Saturday, November 17, 2012


This topic was inspired by a group discussion that I had last night with several young African American men and women. We all come from different backgrounds, so the different discussions that we had were interesting. I actually believe that group discussions among people of all races, sex, and ages is very productive. You learn so much about one another that you otherwise may not have known.

What does it mean to be black?

Actually, this question is not as easy to answer as it may seem. At least I had difficulty answering the question. I'm not even sure if I ever really answered the question. I really did not know what to say because I feel like there are so many factors involved. I personally don't think people should be defined by their skin color but by their culture. Unfortunately, in society we are all judged by our skin color both positively and negatively. I also believe that economic status plays a huge role in how you view yourself in society. I believe many black people are defined by their skin color and then we are all put into this one category.

How do those around you defines blackness?

When I think about how others (or society) may define blackness, many times I feel that I am not black enough. However, I only feel this way around other black people. If I am not familiar with things that most black people are accustomed to I am made to feel like I am not black enough. There are even times when black people will tell other black people that "I'm taking your black card away." What exactly does that mean? Does that even make sense? Many times if I don't speak a certain way or act a certain way, I am considered to not be talking or acting black. Again, I say that this is a difference in culture and experience and not a matter of how black I am. I think because society stereotypes blacks and black culture in one way, we tend to only think of certain things when the term black comes up.

Monday, November 5, 2012


I think we may all need a reminder on voting etiquette. Just because someone doesn't have the same political views as you does not mean that you should write them off as a friend. Personally, I will be glad when the election is over. I believe I have heard more negative comments than positive comments during this presidential campaign.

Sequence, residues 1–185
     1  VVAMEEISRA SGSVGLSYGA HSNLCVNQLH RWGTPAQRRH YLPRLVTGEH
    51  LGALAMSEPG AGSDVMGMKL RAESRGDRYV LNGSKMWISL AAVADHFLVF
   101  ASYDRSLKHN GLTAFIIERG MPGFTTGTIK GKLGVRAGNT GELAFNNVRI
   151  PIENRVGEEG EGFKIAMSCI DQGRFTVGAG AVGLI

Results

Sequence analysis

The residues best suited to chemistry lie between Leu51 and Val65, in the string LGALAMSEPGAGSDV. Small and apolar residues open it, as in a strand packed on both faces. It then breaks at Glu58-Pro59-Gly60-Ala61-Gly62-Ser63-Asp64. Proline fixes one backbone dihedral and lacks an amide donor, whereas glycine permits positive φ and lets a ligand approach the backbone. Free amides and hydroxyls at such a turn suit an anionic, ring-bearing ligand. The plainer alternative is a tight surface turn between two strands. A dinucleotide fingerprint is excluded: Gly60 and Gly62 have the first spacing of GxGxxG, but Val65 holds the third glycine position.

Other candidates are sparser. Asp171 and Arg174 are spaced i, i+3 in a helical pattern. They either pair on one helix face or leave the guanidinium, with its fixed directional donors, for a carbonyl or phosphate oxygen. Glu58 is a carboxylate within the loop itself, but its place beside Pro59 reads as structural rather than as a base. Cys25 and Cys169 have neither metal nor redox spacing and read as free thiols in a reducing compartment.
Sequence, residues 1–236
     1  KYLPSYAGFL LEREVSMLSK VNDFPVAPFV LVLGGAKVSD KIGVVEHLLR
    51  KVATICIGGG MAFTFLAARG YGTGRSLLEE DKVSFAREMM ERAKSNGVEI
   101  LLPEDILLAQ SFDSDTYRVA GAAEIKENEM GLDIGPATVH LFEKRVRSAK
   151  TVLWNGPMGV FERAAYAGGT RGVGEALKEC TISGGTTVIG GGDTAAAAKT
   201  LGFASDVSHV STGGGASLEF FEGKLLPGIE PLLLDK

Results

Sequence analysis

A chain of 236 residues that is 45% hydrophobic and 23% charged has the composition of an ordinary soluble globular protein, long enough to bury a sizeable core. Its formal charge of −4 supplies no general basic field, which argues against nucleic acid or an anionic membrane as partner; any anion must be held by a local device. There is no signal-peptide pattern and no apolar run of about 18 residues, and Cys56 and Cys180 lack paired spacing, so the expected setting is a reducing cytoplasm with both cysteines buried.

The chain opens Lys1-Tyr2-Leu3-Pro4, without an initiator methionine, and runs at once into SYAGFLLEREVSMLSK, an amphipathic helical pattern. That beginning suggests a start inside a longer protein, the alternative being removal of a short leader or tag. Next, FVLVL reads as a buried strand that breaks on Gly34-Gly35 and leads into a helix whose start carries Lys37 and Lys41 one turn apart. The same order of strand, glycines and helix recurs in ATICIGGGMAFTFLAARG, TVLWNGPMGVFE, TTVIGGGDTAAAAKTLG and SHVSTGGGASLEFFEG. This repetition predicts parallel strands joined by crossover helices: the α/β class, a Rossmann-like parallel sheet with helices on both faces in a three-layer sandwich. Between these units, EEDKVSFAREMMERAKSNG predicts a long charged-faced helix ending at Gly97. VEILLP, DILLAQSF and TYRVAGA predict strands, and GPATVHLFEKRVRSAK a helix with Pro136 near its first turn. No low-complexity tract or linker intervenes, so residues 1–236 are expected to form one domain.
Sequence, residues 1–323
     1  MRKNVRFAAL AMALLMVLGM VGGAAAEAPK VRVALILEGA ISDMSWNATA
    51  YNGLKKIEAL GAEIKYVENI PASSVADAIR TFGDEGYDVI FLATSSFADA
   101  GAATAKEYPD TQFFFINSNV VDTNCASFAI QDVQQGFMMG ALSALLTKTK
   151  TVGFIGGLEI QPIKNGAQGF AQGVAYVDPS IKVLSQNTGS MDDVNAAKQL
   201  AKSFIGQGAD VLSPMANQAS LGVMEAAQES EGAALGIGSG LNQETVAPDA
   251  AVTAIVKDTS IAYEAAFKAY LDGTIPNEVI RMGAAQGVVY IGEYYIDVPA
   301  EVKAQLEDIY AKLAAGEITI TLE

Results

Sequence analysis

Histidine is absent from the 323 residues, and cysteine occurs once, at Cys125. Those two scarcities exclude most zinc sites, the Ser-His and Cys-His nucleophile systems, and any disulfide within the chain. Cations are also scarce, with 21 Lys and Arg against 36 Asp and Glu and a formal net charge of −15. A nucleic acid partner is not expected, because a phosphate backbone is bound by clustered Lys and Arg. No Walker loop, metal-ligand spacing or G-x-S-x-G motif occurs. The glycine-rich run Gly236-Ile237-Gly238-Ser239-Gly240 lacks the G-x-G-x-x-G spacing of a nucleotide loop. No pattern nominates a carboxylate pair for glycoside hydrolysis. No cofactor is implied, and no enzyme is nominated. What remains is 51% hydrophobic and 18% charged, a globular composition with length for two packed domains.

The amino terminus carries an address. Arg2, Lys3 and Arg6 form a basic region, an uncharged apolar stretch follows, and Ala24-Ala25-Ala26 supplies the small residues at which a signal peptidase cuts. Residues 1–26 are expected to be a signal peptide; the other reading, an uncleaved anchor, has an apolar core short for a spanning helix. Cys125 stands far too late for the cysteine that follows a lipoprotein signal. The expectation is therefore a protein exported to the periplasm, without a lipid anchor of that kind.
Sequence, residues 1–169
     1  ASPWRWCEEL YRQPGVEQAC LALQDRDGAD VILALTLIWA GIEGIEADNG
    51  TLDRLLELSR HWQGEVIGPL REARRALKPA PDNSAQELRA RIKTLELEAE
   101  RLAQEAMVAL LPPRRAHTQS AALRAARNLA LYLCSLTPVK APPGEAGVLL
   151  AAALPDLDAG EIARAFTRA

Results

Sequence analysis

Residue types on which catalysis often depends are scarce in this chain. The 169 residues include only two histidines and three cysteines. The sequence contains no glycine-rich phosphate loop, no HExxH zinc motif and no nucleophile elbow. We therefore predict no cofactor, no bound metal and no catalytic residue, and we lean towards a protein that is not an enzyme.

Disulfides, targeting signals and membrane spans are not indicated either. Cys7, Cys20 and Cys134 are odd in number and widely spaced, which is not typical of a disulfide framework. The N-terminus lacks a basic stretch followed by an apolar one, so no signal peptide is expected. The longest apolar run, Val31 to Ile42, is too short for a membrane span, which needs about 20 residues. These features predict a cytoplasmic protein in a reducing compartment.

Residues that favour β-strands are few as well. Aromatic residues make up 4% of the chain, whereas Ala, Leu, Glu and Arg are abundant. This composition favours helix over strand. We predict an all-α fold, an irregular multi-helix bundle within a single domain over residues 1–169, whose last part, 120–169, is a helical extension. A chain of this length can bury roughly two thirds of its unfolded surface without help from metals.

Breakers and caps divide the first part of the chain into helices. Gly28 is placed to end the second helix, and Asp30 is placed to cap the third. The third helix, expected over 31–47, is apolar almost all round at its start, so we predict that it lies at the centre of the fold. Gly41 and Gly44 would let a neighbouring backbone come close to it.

Never assume that you know a person's political affiliation:

Someone's gender, race or sexuality does not automatically determine who they are voting for:

You can't make someone vote, so don't force your views on anyone:

Your verbal acknowledgment of who you are voting for will not change the minds of others:

An rational explanation of your political views may change the mind of an undecided voter.

It is okay to inform others, but it is their decision to make with the information that they are given:

Never tell anyone who to vote for:

Voting is personal:
"It is never appropriate to ask who and how a person voted"

Know who you are voting for and what you are voting for:

Never assume that my reasons for not voting for a particular person are the same as yours:

Don't bash those who are not voting if you haven't taken the time to ask them why:

Contrary to popular belief  not voting is not always a negative thing:

Don't let an election change who you are and what you believe in:

Have you informed yourself before making a decision about who you are voting for?

Have you lost friendships because of differences in political views during this campaign?

"United We Stand, Divided We Fall"

In God I Put My Trust. Always remember to keep our leaders in prayer no matter who they are. Be Blessed.